Volume 87, Issue 6
  • ISSN: 0002-9637
  • E-ISSN: 1476-1645



In developing countries, safe piped drinking water is generally unavailable, and bottled water is unaffordable for most people. Purchasing drinking water from community-scale decentralized water treatment and refill kiosks (referred to as isi ulang depots in Indonesia) is becoming a common alternative. This study investigates the association between diarrhea risk and community-scale water treatment and refill kiosk. We monitored daily diarrhea status and water source for 1,000 children 1–4 years of age in Jakarta, Indonesia, for up to 5 months. Among children in an urban slum, rate of diarrhea/1,000 child-days varied significantly by primary water source: 8.13 for tap water, 3.60 for bottled water, and 3.97 for water kiosks. In multivariable Poisson regression analysis, diarrhea risk remained significantly lower among water kiosk users (adjusted rate ratio [RR] = 0.49, 95% confidence interval [CI] = 0.29–0.83) and bottled water users (adjusted RR = 0.45, 95% CI = 0.21–0.97), compared with tap water users. In a peri-urban area, where few people purchased from water kiosk ( = 28, 6% of total population), diarrhea rates were lower overall: 2.44 for well water, 1.90 for bottled water, and 2.54 for water kiosks. There were no significant differences in diarrhea risk for water kiosk users or bottled water users compared with well water users. Purchasing water from low-cost water kiosks is associated with a reduction in diarrhea risk similar to that found for bottled water.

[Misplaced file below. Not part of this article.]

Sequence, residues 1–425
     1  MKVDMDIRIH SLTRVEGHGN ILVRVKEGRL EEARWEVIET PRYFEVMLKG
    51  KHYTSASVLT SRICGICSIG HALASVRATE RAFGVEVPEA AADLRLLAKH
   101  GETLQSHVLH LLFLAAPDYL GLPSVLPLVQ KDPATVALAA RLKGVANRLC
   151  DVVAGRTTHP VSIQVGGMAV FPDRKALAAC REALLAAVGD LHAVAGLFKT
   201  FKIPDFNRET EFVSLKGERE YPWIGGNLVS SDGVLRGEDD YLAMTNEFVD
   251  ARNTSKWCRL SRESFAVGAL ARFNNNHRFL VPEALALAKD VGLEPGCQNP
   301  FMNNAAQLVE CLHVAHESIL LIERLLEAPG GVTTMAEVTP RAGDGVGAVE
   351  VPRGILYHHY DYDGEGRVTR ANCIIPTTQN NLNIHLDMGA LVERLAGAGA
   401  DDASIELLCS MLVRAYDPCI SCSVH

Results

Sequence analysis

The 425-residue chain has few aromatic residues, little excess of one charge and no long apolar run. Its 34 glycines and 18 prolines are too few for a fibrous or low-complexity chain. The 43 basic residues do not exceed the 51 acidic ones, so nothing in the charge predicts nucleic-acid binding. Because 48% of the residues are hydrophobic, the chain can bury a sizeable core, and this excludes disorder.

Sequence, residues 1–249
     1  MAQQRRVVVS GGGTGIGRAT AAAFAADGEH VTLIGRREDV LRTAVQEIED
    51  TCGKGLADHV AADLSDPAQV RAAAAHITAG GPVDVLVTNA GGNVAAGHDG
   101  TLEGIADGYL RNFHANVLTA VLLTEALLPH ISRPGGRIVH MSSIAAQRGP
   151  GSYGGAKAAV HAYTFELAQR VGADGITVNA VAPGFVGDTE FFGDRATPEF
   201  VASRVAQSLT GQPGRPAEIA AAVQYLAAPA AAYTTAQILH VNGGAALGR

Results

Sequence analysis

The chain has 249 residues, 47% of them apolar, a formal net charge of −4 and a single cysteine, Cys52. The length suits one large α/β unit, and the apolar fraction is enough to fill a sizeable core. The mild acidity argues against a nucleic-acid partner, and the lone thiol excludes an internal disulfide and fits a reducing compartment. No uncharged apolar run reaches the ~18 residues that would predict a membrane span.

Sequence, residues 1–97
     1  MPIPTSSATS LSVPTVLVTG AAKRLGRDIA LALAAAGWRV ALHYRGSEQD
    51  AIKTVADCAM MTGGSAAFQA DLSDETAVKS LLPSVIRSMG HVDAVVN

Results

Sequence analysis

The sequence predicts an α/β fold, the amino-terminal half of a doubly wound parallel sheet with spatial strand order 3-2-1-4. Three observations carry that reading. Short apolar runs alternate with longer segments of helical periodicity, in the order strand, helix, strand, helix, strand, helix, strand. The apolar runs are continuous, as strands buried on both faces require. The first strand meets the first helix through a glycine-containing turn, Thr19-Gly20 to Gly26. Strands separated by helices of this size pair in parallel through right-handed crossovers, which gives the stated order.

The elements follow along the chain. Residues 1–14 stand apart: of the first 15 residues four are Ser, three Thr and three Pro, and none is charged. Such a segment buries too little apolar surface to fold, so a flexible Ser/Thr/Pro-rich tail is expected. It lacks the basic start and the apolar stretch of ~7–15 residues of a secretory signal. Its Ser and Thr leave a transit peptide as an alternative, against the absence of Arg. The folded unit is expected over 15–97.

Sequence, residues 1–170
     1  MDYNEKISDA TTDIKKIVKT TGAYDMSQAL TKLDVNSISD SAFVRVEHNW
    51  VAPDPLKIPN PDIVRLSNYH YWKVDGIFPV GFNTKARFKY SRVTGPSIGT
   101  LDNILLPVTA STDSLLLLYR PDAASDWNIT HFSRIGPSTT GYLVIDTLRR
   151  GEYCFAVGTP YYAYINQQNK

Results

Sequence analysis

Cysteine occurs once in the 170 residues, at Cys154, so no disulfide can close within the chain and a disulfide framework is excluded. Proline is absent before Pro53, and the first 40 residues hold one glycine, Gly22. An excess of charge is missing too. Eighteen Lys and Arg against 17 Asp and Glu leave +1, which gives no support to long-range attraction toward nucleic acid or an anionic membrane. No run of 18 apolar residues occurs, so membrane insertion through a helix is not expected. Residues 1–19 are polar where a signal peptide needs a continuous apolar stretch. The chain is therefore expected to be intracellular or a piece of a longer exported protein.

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  • Received : 06 Apr 2012
  • Accepted : 29 Jul 2012

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